Critical Infrastructure Protection

Critical Infrastructure: You Get What You Pay For


Programmable Logic Controllers (PLCs) have proliferated into multiple commercial sectors,  including  critical  infrastructure  applications.  PLCs  often  manage  resources  that  offer high-impact targets but with a lackadaisical treatment of security—a recipe for trouble. This paper proposes a misuser-driven approach for PLC assessment. 

Leveraging Virtualization Technologies to Improve SCADA ICS Security


In recent years, Supervisory Control and Data Acquisition (SCADA) Industrial Control Systems (ICS)—systems used for controlling industrial processes, power plants, or assembly lines—have become a serious concern because of security and manageability issues.

A Process for the Identification of Security Risks from Critical Infrastructure Interdependencies


Traditional security risk assessment takes a broad asset-based view of organizations. The risk identification process therefore focuses on well-known threats and vulnerabilities to static and discrete assets that fall within the scope of organizational boundaries under investigation. It does not offer a methodology or framework that systematically deals with risks that arise from the complex interdependencies1 among the critical infrastructures2. To support this proposition, this paper conducts a systematic analysis of the security risks resulting from logical, cyber, geographical and physical interdependencies between telecommunications and power infrastructures.

U.S. Energy Sector Cybersecurity: Hands-off Approach or Effective Partnership?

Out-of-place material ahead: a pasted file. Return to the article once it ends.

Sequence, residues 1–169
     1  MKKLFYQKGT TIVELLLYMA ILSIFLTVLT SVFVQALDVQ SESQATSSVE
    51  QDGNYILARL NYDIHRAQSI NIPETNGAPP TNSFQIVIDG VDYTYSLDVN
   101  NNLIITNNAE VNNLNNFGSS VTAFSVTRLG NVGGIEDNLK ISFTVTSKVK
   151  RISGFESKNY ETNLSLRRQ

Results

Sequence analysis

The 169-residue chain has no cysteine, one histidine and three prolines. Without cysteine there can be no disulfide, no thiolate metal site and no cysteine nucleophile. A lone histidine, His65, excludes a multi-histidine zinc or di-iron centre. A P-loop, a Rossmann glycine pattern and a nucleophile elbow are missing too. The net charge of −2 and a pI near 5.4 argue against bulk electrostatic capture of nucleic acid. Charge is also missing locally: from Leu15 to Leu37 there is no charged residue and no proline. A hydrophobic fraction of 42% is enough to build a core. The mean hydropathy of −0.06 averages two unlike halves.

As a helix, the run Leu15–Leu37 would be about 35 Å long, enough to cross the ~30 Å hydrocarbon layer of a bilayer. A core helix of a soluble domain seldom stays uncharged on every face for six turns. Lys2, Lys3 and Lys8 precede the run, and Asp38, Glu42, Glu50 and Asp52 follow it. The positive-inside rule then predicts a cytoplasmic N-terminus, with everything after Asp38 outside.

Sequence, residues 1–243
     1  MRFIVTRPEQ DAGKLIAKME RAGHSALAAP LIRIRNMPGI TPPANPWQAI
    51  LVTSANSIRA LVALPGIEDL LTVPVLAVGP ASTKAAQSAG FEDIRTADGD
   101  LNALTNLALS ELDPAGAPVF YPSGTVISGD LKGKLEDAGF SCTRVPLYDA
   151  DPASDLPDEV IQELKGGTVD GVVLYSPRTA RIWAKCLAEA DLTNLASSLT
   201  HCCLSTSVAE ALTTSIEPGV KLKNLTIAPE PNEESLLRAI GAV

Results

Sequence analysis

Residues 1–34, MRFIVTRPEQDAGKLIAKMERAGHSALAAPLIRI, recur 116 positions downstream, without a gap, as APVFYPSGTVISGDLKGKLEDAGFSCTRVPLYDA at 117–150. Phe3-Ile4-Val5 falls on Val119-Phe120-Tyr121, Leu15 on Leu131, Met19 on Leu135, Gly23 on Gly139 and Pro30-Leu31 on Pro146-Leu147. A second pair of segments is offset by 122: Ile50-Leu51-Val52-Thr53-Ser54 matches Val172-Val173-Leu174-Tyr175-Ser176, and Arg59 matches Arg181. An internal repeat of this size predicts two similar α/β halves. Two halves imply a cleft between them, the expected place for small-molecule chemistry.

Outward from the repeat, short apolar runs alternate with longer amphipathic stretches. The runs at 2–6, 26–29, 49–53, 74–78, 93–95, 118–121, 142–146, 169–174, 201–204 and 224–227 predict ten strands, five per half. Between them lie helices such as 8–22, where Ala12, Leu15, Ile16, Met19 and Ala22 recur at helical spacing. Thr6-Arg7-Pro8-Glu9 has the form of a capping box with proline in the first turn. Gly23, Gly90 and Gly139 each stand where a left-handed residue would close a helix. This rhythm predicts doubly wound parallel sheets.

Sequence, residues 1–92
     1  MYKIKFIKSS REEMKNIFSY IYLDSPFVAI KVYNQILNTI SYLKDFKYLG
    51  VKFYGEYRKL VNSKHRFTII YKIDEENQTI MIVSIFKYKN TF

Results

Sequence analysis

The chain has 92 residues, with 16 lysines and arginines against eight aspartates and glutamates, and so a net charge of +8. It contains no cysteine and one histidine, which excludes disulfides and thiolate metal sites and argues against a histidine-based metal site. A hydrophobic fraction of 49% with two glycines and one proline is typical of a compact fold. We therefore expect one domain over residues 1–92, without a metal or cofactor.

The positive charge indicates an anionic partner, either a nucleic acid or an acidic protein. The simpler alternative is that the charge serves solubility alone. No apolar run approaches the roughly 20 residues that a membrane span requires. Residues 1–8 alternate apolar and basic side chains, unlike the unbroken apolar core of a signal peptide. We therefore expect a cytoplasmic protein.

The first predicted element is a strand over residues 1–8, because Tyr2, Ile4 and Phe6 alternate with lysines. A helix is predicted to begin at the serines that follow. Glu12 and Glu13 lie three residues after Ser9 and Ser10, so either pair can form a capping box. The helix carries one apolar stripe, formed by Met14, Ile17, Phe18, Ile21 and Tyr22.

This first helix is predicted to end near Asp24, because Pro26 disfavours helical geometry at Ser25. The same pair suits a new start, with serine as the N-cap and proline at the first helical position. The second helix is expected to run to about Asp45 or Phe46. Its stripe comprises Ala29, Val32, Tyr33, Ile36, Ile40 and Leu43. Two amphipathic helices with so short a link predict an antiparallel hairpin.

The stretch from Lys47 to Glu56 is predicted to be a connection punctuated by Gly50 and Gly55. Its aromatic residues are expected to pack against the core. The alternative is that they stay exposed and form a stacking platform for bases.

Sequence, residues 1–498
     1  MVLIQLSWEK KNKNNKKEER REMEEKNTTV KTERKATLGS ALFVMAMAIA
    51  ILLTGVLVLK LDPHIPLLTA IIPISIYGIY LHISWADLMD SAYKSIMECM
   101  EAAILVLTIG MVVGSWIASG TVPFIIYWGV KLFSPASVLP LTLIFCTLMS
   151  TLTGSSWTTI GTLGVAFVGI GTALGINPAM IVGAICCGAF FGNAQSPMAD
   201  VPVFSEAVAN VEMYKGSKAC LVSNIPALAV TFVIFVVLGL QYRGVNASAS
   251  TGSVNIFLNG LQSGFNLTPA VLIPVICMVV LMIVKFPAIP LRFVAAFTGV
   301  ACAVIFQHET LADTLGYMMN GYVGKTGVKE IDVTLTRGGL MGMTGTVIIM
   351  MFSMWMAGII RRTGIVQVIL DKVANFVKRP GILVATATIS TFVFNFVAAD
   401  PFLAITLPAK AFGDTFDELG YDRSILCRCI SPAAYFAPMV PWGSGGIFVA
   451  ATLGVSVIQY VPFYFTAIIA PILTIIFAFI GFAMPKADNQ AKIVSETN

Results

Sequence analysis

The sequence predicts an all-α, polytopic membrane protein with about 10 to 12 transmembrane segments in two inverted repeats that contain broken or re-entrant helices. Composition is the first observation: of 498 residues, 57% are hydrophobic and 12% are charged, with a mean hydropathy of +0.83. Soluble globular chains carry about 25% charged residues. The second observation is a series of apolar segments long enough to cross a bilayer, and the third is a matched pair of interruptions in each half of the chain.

Recent reporting has identified significant threats to the U.S. energy’s critical infrastructure from nation states and other groups through cyberspace. Efforts to improve the security and resilience of U.S. energy infrastructure relies upon voluntary partnerships between the U.S. Government and public and private energy infrastructure owners.

Vulnerability Analysis in Critical Infrastructure Protection


This paper describes a novel approach to critical infrastructure vulnerability analysis and risk assessment that applies to sectors that can be represented as networks. The method – called model-based vulnerability analysis (MBVA) - is based on a combination of scale-free network theory and fault-tree/event-tree analysis. MBVA incorporates two new optimal resource allocation equations: one for minimizing fault occurrences, and a second equation for minimizing financial risk. The method has been successfully used to identify vulnerabilities in sectors as diverse as water, energy, telecommunications, and power grids.

A Tale of Two Cities: Approaches to Counter-Terrorism and Critical Infrastructure Protection in Washington, DC and Canberra


All nations undertake a variety of activities to protect their citizens from the threat posed by terrorism. In the last decade, the requirements of effective counter- terrorism (CT) policy have become more demanding as the result of the changing nature of global terrorism, and the challenges posed by the requirement to protect vulnerable critical national infrastructures (CNI). (Since the events of 11 September 2001, of these policies has taken on an unprecedented importance.) But the approaches taken by different nations regarding national CT and critical infrastructure protection (CIP) policies have varied considerably. In this paper, the authors will examine the approaches to CT and CIP policies adopted by two nations – the United States and Australia – both before and after 11 September 2001. The paper concludes by proposing explanations for the different approaches in CT and CIP policies adopted by the United States and Australia.

Is Task Force Smith Rushing To An Electronic Pearl Harbor?


The United States of America remains ill prepared against cyberattack in spite of years of well-documented and well-publicized warnings by governmental and non-governmental organizations. The result is the extreme vulnerability of the U.S. to attack in cyberspace by its opponents with severe consequences to the U.S. infrastructure and economy. This paper examines why the ill preparedness of the U.S. to cyberattack is a serious problem, a brief history of this problem with an emphasis on the recent three years, the on-going measures to solve this problem, recommended solutions, and a conclusion.

International Coordination to Increase the Security of Critical Network Infrastructures